"Normalizing" standard deviation between two data setsby TheAnalogKid83 Tags: data, deviation, normalizing, sets, standard 

#1
Oct708, 09:43 AM

P: 174

I have a baseline set of data collected which has a standard deviation of X, and then I collected another set of the data under a different condition (different temperature), and this has a different standard deviation Y. How do I cancel out the standard deviations, to only see the difference of the actual data as it varies with the condition change (temperature)? I try to stay vague, but if this doesn't make sense of what I'm looking for, I'll give my application example. Just a general topic to point me to would help if nothing else.




#2
Oct708, 09:56 AM

Math
Emeritus
Sci Advisor
Thanks
PF Gold
P: 38,879

Seems to me that you could convert both to a "standard" normal distribution by taking [itex]x'= (x \mu_x)/\sigma_x[/itex] and [itex]y'= (y \mu_y)/\sigma_y[/itex]. If you don't want to worry about the means, just dividing by the standard deviation of each should give you a distribution with standard deviation 1.




#3
Oct708, 01:36 PM

Sci Advisor
P: 8,004

The change in temperature may have affected both the mean and standard deviation of the "true" probability distribution. If by eye the two sample standard deviations look the same, just use a normal ttest to see if the means are different. If the standard deviations look very different, or if you suspect on theoretical grounds that the standard deviations are different, then use a ttest variant in which the standard deviations are not assumed equal.
See for example: 4.3.3 Unequal sample sizes, unequal variance http://en.wikipedia.org/wiki/Student%27s_ttest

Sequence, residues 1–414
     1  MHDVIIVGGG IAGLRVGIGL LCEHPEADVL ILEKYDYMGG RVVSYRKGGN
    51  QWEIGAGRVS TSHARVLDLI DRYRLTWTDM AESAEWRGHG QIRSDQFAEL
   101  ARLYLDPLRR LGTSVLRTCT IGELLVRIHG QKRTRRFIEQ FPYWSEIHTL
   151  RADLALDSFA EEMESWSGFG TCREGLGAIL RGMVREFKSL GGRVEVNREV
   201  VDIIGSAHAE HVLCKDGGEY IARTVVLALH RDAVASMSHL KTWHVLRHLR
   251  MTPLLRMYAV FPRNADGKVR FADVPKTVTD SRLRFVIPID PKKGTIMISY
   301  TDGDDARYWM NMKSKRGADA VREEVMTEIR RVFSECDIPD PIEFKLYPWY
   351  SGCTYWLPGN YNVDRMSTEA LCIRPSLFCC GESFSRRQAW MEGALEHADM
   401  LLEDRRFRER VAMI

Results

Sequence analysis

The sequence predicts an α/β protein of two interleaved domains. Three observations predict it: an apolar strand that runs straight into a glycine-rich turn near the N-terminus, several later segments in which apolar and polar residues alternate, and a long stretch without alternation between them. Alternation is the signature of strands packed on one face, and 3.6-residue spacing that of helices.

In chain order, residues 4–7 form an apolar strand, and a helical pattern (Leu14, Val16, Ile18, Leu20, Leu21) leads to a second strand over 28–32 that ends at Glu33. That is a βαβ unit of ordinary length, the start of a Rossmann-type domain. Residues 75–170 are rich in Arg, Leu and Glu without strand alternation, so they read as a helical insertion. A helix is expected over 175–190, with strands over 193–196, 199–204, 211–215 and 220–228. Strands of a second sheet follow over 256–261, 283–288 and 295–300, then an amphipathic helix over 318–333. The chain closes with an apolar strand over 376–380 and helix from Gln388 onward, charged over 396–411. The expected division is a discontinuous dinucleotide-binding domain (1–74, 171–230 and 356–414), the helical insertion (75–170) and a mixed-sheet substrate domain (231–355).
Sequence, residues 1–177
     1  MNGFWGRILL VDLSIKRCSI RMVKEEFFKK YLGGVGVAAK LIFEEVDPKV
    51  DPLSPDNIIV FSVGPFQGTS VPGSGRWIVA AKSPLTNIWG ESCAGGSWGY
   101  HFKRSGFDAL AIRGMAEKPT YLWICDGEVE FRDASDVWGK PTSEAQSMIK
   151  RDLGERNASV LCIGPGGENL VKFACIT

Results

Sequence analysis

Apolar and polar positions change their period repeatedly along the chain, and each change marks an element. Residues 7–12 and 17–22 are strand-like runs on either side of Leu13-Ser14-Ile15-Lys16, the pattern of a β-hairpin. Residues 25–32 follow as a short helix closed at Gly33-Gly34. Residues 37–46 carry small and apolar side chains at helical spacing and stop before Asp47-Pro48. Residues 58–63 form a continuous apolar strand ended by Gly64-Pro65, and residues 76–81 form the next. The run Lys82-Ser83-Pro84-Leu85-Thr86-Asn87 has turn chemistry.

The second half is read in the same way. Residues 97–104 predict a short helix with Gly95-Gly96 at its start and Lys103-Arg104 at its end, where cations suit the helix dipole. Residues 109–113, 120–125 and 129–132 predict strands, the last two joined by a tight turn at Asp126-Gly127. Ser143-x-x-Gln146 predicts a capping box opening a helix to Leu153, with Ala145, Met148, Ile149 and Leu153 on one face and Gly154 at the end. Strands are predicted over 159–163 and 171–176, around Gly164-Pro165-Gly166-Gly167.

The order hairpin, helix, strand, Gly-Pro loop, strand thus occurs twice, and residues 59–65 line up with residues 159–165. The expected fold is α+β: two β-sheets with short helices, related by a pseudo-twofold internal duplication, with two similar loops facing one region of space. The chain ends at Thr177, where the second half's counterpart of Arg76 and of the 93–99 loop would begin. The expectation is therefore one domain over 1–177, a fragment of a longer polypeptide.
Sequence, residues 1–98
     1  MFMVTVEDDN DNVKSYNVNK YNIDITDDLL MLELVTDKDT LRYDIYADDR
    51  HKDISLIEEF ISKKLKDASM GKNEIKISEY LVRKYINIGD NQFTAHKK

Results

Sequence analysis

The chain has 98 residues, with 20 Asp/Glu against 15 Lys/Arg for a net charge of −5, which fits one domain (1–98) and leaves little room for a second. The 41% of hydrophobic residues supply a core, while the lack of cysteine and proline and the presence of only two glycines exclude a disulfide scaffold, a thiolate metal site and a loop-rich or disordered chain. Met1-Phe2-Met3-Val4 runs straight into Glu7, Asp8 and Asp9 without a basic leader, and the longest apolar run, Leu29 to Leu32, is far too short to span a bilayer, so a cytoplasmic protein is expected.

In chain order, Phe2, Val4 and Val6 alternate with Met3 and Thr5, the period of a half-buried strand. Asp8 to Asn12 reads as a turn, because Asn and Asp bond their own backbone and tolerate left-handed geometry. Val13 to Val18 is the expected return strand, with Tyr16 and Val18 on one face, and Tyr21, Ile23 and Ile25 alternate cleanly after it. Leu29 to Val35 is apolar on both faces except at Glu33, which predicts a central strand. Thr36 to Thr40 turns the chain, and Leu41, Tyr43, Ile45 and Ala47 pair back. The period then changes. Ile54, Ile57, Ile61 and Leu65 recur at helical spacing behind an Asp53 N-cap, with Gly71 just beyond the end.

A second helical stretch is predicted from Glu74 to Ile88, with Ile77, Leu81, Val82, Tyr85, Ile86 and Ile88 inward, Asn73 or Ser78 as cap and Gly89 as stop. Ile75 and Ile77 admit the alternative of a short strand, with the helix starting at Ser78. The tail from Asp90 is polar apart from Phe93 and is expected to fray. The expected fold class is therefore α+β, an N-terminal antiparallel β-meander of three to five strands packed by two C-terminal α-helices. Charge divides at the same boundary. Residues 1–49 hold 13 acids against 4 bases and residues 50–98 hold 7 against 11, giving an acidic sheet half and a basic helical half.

#4
Oct708, 03:23 PM

HW Helper
P: 1,344

"Normalizing" standard deviation between two data sets
One more comment on this. Graph your data first  whether a simple dotplot, stemplots, boxplot, or histogram if the samples are large. Look for evidence of outliers and/or skewness. Both of these can cause problems with the classical procedures, as they are not robust in the face of departures from normality. If you see skewness (or even several outliers with overall symmetry) you should also do a nonparametric test (Wilcoxon or equivalent) as well. (I would suggest always doing this, but my training is in nonparametrics.) Intuitively, if the two results are in agreement, the ttest results may be good enough. If the two results are in great disagreement, you should suspect the ttest results.
(DO NOT be tempted to throw away outliers in order to obtain a specific result: unless the outliers are due to recording error, that is not valid) 



#5
Oct708, 03:45 PM

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#6
Oct708, 07:39 PM

HW Helper
P: 1,344

No data is truly normal (Gaussian), although the 'middle' can quite closely resemble normally distributed data. If your initial graphs indicate severe nonnormality, it's usually best to avoid normalbased inferences altogether.
If you do both a ttest and a nonparametric test for comparison, as a simple check, there isn't any real need to adjust significance levels at all. 


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